“Yes, the Black Death and other epidemics throughout recorded history killed a lot of people - perhaps as many as 400 million altogether. That's still only 0.4% of the 108 billion people who have ever lived. Those who died of the plague died relatively quickly - within around four days or so. Compare that to cancer or Alzheimer's, and take your pick.”

Happy Secular Easter Bunny!

For the past thirteen years, I've been returning to Spain. Although I've lived many other places for extended periods, Spain is one of my favorite places to reside. So much so that I lease an apartment in the Andalucian, seaside village of Torre De Mar every February, March and April. The timing isn't intentional, but usually I'm here for Semana Santa (Holy Week). No other country does Semana Santa any better than Spain in spite of the fact that it is one of the most secular countries in Europe these days. The grand processions that wind their way through the ancient streets for a week of festivities are impressive and the tradition is not going away any time soon. Semana Santa makes too much money for Spain. So what's the moral of the story according to this atheist who finds herself living everywhere but nowhere?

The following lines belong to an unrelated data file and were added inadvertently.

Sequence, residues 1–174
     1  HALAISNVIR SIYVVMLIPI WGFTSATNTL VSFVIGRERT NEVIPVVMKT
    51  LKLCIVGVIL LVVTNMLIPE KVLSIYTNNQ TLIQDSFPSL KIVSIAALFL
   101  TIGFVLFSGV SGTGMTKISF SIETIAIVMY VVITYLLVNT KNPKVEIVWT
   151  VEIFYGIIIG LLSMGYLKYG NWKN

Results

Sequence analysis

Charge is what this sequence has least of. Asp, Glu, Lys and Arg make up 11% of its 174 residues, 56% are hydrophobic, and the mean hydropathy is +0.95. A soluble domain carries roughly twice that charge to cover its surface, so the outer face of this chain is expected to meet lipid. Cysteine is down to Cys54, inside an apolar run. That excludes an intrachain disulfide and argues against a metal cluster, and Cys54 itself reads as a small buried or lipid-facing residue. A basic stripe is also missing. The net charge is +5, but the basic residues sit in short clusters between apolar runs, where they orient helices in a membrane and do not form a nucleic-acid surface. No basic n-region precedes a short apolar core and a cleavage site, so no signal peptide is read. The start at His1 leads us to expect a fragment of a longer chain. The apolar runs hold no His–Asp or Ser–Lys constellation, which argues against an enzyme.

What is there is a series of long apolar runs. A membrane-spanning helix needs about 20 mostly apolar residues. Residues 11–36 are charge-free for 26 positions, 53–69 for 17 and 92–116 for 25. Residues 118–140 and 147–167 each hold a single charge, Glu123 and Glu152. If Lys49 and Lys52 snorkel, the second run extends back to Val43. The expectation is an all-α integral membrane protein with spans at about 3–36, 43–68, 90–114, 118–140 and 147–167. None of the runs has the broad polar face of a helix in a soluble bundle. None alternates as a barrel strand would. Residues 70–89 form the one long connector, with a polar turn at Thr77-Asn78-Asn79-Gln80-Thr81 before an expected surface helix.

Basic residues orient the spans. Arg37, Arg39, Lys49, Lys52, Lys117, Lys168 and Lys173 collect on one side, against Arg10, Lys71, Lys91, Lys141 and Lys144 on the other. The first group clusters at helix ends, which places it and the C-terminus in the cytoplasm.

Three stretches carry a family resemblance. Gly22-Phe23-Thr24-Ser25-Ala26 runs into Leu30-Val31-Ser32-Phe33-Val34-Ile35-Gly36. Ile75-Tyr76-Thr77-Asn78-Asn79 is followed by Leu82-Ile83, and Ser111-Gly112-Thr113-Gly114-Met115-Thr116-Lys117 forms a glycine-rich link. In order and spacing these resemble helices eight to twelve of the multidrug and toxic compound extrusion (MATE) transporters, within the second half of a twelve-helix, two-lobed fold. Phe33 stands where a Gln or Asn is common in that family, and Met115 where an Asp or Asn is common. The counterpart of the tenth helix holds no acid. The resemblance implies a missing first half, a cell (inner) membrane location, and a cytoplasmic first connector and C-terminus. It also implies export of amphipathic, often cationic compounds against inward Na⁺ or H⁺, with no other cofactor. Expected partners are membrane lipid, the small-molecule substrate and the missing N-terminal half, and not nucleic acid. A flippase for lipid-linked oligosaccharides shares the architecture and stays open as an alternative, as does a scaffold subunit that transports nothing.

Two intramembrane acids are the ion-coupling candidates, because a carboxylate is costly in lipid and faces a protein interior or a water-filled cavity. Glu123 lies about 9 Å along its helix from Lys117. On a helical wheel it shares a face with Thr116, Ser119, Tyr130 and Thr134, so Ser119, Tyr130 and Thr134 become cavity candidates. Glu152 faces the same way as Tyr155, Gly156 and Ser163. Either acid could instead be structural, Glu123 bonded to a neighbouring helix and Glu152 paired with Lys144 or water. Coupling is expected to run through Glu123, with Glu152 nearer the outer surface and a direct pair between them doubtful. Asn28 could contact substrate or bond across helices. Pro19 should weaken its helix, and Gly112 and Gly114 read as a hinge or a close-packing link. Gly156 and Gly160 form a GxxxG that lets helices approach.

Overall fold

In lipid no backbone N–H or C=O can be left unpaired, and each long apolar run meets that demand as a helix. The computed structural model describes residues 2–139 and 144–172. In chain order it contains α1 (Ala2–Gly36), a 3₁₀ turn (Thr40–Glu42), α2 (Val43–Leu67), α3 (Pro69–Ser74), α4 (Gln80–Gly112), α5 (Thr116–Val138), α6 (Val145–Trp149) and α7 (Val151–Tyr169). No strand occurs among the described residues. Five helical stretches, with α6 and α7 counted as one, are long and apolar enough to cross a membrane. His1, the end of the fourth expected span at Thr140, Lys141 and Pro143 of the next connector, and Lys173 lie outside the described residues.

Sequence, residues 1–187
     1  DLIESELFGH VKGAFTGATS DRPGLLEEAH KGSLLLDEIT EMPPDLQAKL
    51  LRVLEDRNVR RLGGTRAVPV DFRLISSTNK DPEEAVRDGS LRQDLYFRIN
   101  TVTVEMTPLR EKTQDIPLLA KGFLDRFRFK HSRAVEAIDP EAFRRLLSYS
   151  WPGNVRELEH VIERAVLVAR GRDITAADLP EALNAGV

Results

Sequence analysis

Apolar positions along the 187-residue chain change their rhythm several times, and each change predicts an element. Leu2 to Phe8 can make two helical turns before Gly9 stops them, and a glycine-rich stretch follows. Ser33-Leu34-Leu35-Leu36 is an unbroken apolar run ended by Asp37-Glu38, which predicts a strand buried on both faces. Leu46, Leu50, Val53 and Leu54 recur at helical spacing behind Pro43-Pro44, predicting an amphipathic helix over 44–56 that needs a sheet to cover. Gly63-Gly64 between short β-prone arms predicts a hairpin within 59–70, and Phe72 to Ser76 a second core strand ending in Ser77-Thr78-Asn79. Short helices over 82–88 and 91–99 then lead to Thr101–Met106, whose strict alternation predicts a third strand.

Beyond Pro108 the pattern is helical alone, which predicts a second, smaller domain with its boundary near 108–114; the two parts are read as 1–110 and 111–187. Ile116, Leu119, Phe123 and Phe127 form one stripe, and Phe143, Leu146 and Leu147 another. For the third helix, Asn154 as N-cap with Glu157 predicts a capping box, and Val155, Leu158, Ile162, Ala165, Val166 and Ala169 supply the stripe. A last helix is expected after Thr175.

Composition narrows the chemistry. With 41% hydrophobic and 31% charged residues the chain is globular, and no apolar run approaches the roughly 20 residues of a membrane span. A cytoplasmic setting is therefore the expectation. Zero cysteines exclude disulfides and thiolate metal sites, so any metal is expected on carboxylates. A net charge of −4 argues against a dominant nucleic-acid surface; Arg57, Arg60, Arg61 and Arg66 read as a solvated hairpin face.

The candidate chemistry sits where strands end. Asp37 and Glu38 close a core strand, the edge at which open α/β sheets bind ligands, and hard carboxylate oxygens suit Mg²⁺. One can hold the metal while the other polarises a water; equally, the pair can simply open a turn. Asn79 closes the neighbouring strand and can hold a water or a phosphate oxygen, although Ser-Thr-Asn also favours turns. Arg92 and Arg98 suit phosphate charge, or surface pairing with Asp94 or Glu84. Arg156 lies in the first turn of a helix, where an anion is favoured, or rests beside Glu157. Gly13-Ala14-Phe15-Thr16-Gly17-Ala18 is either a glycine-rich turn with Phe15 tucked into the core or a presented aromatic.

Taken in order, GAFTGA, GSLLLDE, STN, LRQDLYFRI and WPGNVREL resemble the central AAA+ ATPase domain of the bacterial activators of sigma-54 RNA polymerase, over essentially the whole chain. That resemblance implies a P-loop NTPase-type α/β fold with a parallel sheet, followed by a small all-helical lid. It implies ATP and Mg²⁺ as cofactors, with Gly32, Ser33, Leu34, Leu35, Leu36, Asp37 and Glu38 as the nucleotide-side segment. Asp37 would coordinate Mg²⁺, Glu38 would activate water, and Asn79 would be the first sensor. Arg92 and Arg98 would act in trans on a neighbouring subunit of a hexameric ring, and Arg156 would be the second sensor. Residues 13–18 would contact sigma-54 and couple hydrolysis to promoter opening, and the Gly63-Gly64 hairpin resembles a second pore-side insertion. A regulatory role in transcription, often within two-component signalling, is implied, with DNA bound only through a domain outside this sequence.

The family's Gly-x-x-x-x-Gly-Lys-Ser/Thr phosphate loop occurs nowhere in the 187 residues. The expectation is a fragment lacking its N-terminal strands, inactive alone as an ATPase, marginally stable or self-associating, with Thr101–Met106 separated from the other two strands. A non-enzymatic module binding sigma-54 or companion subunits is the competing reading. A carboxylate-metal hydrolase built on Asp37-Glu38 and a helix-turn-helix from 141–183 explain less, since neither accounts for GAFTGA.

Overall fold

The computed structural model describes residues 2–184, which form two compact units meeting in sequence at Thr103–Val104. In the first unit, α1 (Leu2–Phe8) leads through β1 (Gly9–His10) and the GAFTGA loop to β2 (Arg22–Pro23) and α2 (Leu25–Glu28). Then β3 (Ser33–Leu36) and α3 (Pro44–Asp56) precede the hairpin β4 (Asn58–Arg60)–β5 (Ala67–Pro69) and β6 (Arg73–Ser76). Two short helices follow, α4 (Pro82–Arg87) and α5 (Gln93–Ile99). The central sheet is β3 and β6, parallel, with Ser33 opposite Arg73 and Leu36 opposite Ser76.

I'll Be Debating Jim Spiegel Twice in April


Disproof of the Christian God, Without a Doubt


The Easy Acceptance of the Very Terrible
When did doubt begin? H. L. Mencken thought that it could have happened at the get-go:

“There must have been skeptics at the ringside when the first priest performed his hocus-pocus, and no doubt, some of them, revolting against its transparent fraudulence, set themselves to find a better way to deal with flood, fire and famine.” (Treatise on the Gods, 1930)

Maybe so, but skeptics were outnumbered. In the ancient world, gods were imagined, invented and worshipped all over the place. With little understanding of causation, it’s no wonder. Earthquakes, volcanoes, thunder and lightening were warnings and curses from higher powers. Good things that happened—the return of spring and vegetation, crops and harvests—were credited to gods in a good mood.